3. Recruitment of fewer than 36 patients by 14 months or completion by fewer than 6 patients at 18 months would trigger a referral to the Data Monitoring Committee and notification to the funder.
4. These figures will be monitored every 6 months by the Trial Steering Committee who will make a recommendation to the funder regarding trial continuation based on overall recruitment and recent recruitment trajectory. We aim to work collaboratively with the funder to flag up any concerns at an early stage so as to ensure that we can develop strategies to mitigate any risks to successful completion of the
Primary outcome measure
Score at the 8 month (post-treatment) follow up assessment using the Impact of Events Scale-revised for people with intellectual disabiltiies (IES-ID).
Secondary outcome measures
1. PTSD symptoms measured using the Impact of Events Scale – Intellectual Disabilities (IES-ID) at 4 months and 14 months
2. PTSD symptoms measured using Lancaster & Northgate Trauma Scales (LANTS) at 4 months, 8 months and 14 months
3. Depression symptoms measured using the Glasgow Depression Scale (GDS) at 4 months, 8 months and 14 months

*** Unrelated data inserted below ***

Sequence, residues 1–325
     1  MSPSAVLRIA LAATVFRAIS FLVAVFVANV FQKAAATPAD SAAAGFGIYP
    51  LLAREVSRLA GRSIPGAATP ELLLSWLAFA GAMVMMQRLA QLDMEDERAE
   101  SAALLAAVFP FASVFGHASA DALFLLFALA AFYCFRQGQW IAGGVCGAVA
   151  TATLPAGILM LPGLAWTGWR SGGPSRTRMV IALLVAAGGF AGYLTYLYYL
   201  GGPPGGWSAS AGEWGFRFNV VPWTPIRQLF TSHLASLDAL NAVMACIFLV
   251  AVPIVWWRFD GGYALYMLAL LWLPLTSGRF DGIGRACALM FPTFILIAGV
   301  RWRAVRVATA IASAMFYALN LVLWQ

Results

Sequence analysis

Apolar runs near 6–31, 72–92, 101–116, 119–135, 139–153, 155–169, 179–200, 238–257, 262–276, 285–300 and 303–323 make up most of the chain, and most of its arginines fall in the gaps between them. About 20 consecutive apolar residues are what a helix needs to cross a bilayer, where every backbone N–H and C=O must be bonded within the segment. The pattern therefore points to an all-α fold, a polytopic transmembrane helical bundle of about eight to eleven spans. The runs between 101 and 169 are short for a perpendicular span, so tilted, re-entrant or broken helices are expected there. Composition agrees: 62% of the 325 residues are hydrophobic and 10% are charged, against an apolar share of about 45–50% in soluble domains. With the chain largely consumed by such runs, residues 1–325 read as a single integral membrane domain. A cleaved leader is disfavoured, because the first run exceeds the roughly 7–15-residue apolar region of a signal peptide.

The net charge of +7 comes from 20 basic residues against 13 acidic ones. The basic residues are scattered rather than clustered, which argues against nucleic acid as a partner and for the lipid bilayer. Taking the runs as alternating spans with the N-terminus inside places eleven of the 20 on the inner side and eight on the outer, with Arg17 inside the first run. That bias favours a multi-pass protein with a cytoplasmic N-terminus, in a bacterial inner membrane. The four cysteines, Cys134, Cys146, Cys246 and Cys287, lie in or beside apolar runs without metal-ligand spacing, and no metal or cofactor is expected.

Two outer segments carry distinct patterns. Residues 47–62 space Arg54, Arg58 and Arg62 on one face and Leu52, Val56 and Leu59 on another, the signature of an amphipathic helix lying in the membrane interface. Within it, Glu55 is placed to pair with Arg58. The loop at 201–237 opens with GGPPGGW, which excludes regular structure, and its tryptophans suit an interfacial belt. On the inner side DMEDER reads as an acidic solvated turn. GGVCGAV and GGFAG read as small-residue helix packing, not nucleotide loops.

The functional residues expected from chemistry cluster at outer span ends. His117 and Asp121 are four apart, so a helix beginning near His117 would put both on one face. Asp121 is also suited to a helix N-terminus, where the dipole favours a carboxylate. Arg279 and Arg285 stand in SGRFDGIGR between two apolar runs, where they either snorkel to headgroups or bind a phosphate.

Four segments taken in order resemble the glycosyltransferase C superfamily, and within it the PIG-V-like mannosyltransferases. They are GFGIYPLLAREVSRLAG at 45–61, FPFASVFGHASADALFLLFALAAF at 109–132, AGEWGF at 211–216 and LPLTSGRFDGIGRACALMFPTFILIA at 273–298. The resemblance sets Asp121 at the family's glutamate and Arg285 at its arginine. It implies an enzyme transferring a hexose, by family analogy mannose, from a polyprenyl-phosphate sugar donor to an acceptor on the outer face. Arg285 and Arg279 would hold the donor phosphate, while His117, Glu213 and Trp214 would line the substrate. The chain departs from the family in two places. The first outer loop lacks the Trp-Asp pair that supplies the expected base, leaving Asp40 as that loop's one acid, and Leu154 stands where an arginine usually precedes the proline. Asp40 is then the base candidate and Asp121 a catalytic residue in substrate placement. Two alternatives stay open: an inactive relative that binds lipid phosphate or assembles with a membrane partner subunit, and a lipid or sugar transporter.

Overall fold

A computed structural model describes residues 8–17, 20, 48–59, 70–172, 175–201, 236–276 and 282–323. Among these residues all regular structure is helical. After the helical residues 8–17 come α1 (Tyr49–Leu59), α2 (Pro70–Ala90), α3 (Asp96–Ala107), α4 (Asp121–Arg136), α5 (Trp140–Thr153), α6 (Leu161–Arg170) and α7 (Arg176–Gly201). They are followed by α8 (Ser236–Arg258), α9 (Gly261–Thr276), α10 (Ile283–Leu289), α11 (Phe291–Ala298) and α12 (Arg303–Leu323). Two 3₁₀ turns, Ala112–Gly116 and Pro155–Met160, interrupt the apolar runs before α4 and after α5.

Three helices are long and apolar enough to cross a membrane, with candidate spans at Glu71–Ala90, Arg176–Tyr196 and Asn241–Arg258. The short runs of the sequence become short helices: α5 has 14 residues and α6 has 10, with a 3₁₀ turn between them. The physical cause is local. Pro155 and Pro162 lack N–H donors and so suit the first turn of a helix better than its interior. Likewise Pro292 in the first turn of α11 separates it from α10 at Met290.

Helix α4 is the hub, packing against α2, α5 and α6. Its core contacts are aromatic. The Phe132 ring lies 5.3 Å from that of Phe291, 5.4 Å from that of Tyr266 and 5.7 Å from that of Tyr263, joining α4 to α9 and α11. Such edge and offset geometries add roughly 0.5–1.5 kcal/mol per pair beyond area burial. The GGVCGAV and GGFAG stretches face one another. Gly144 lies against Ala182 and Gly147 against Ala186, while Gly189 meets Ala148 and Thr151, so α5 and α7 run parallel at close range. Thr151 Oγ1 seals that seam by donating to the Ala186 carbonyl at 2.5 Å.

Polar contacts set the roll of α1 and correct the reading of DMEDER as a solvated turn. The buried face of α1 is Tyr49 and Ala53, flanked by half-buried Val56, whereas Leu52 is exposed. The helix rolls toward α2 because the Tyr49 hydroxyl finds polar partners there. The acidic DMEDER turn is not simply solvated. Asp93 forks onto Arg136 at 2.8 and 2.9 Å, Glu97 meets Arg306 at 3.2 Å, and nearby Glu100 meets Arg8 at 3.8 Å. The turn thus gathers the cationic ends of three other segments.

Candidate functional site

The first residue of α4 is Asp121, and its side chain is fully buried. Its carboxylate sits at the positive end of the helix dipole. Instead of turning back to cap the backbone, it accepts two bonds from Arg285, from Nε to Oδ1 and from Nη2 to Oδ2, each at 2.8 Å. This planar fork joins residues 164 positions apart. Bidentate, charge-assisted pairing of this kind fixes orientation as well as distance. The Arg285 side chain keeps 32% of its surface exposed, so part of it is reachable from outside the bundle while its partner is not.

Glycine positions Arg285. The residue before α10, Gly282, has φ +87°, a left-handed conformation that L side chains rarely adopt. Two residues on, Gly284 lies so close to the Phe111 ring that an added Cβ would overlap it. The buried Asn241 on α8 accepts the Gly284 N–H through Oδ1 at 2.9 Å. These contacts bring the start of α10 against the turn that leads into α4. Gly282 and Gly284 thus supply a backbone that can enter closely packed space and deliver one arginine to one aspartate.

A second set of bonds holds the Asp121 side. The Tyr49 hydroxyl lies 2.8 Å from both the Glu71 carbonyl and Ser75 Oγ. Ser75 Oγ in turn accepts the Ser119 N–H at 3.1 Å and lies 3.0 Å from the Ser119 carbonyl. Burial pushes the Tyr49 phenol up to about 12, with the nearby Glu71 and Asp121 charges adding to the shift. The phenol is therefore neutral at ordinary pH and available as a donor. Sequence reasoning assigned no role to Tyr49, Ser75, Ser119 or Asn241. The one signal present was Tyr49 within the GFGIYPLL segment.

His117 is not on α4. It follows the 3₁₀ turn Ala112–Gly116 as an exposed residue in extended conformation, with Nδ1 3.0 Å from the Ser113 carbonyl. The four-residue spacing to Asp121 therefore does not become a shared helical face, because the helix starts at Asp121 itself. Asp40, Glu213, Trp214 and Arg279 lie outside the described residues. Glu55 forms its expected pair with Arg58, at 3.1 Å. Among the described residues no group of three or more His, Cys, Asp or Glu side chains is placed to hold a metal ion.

4. Anxiety symptoms measured using the Glasgow Anxiety Scale (GAS) at 4 months, 8 months and 14 months
5. Mental Health measured using Clinical Outcomes in Routine Evaluation – Learning Disability (CORE-LD) at 4 months, 8 months and 14 months
6. Mental Health measured using Psychiatric Assessment Schedule for Adults with Developmental Disabilities (PAS-ADD) at 4 months, 8 months and 14 months
7. Quality of life measured using the Short Form Health Survey - 12 (SF-12) at 4 months, 8 months and 14 months
8. Quality of life measured using the Personal Wellbeing Index (PWI) at 4 months, 8 months and 14 months
9. Challenging behaviour measured using the Aberrant Behavior Checklist (ABC) at 4 months, 8 months and 14 months
10. Carer burden measured using the Warwick-Edinburgh Mental Well-being Scale (WEMWBS) at 4 months, 8 months and 14 months
11. Economic impact measured using the Client Service Receipt Inventory - Intellectual Disabilities (CSRI-ID) at 4 months, 8 months and 14 months
Overall trial start date
Overall trial end date
Reason abandoned (if study stopped)
Participant inclusion criteria
Patients with intellectual disabilities (PwID)
1. Aged > = 18 to < = 65
2. Meeting criteria for a diagnosis of ID
3. Meeting ICD-11 diagnostic criteria for PTSD
4. Major identified trauma at least a year earlier
5. Able to communicate in English and to provide informed consent to both the referral and study participation
1. Aged > = 18 and over
2. A family member or carer of a person with ID who has consented to participate in the trial
3. Able to communicate in English and to provide informed consent to study participation
Target number of participants
Planned Sample Size: 325; UK Sample Size: 325
Participant exclusion criteria
1. Assessed by the clinical team as at high risk and/or requiring urgent treatment
2. Currently in therapy and unwilling to intermit